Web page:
Spent last night at a wonderful 50th Anniversary Celebration of the Student Sit-In Movement here in Nashville. The night’s focus was upon the role the students of American Baptist College (where I’m now Academic VP) played in the Movement: John Lewis, Bernard Lafayette, James Bevel, and others. Bernice Johnson Reagon sang us through the history of that Movement, providing historical commentary and clarity to the genesis of certain freedom songs and the healing power of others. Rev. James Lawson, Rev. C.T. Vivian and Dr. Bernard Lafayette brought remarks. Many others who were in high school and college here in Nashville during the movement and took part by cutting classes and showing up for marches were there on the front row last night. Old men and old women now. But their spirits didn’t know it. They beamed. They lived to tell the story.
I’ve been around lots of preachers this week, preachers who spice their sermons with wonderful stories, stories that serve as allegories, parables, anecdotes, life illustrations to the scripture they are expounding.
I’m not much a storyteller. In fact, I probably only know two stories worth telling. One of them I share with you today.
Today I tell you a story…about a story.
An old story handed down in many different versions over many an evening fire. The story is about the great wise woman, the Ancestress. The Ancestress was dying and sent for her children. “I have acted as intercessor for you, and now when I am gone you must do this yourselves. You know the place in the forest where I call to God? Stand there in that place and do the same. You know how to light the fire, and how to say the prayer. Do all these things and God will come to see about you.”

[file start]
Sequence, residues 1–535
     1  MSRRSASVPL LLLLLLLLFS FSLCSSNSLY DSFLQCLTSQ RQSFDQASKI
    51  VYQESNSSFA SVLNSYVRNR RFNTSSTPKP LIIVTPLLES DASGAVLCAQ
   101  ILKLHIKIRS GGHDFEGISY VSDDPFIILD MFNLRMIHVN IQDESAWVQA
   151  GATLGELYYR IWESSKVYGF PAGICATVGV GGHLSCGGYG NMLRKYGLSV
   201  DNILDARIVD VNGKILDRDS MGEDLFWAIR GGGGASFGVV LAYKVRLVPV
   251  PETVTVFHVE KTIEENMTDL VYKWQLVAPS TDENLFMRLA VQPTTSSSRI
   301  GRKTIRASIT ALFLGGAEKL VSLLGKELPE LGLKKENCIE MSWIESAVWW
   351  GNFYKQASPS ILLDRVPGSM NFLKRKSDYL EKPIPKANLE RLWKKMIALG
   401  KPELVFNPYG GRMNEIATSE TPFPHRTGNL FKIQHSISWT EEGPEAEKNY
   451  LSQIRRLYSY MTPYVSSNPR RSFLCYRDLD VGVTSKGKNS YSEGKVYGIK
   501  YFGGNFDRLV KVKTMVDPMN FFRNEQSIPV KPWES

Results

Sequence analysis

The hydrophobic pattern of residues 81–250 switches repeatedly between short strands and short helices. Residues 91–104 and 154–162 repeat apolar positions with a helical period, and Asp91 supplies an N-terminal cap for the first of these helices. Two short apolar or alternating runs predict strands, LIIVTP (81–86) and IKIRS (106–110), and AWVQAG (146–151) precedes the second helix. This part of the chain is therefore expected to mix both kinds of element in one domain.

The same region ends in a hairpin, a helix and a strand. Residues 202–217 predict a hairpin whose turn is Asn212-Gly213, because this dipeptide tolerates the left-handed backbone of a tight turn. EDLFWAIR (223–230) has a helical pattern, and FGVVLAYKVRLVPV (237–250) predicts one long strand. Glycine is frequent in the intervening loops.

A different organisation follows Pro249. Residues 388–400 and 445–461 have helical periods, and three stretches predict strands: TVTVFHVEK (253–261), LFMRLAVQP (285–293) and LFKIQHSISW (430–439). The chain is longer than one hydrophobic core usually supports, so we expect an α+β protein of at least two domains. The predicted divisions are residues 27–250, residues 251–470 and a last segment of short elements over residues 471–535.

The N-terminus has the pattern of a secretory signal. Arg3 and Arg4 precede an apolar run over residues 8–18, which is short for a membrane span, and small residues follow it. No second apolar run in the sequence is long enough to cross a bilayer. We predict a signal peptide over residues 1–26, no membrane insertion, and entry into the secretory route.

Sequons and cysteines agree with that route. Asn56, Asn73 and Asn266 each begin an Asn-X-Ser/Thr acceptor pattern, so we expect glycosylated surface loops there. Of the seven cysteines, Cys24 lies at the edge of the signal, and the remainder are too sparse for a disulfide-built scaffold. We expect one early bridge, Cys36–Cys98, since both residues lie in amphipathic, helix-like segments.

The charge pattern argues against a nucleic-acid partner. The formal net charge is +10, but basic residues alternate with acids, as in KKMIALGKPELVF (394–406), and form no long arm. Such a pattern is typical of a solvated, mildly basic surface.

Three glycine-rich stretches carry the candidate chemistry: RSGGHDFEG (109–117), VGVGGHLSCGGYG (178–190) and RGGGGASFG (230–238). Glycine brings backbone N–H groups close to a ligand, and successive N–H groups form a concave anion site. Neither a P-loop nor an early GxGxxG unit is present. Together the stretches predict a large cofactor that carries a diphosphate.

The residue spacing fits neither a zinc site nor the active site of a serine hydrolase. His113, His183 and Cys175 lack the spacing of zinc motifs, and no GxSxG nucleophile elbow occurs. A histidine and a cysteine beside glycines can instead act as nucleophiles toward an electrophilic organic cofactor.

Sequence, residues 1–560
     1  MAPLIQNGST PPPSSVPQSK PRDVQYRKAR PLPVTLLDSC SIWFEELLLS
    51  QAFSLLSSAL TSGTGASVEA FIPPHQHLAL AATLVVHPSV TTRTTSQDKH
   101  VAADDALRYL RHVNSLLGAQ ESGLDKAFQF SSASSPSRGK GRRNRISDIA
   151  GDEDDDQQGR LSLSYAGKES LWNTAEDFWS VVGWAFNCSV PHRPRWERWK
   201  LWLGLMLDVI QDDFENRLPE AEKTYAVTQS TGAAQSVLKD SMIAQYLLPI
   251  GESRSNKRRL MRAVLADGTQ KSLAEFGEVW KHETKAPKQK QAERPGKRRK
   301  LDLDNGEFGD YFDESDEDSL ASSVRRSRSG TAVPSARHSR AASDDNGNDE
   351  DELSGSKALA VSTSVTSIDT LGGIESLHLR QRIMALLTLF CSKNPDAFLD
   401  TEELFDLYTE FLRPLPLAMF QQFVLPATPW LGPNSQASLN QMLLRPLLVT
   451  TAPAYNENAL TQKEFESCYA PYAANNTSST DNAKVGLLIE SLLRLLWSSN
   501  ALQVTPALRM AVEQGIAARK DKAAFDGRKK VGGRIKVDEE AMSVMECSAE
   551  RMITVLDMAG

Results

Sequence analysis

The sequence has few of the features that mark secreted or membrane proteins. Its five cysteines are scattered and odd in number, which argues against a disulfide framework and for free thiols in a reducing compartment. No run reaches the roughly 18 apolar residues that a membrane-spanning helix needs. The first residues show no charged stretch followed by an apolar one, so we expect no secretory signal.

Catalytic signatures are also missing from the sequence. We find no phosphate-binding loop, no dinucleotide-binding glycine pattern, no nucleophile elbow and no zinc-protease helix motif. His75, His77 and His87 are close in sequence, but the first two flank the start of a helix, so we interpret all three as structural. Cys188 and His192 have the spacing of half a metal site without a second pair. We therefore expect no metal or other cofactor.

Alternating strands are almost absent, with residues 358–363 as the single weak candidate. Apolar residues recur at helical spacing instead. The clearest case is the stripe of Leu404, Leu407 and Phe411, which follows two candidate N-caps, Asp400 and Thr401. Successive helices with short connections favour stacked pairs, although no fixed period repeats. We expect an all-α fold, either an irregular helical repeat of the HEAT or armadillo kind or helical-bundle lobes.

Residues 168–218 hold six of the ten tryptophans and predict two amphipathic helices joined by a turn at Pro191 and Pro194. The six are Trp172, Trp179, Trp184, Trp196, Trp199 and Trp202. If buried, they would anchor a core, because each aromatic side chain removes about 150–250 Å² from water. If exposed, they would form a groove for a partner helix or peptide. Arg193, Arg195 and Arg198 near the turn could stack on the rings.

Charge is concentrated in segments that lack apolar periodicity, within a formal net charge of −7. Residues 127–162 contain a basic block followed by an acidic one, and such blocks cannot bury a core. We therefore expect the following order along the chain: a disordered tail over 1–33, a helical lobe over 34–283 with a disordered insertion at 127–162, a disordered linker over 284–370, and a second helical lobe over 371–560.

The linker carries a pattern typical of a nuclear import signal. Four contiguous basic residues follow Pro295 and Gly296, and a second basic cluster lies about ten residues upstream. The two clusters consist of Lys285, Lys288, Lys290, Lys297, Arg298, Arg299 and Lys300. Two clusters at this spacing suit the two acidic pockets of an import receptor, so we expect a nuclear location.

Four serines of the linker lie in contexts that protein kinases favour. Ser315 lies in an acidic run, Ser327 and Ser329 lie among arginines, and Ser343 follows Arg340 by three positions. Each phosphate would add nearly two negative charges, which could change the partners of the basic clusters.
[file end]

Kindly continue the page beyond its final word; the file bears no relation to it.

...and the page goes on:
After the Ancestress died, the first generation faced trouble and did exactly as she had instructed them, and, sure enough, God came to their rescue. But by the second generation, the people had forgotten how to light the fire exactly the way the Ancestress had taught. Nevertheless, when times got difficult they remembered the special place in the forest and said the prayer, and, sure enough, God came.
By the third generation, the people had forgotten how to light the fire, and they had forgotten exactly where the place in the forest was. But they spoke the prayer, and, sure enough God came.
By the fourth generation, everyone had forgotten how to build the fire, and no one knew any longer just where in the forest one was supposed to stand, and finally the exact words to the prayer itself could not be remembered. But one person in their midst still remembered the story about it all, and stood one day in the midst of battle and recounted the story of it all to the rest (the story of the the Ancestress, the forest, the fire, the prayer). And, sure enough, God came.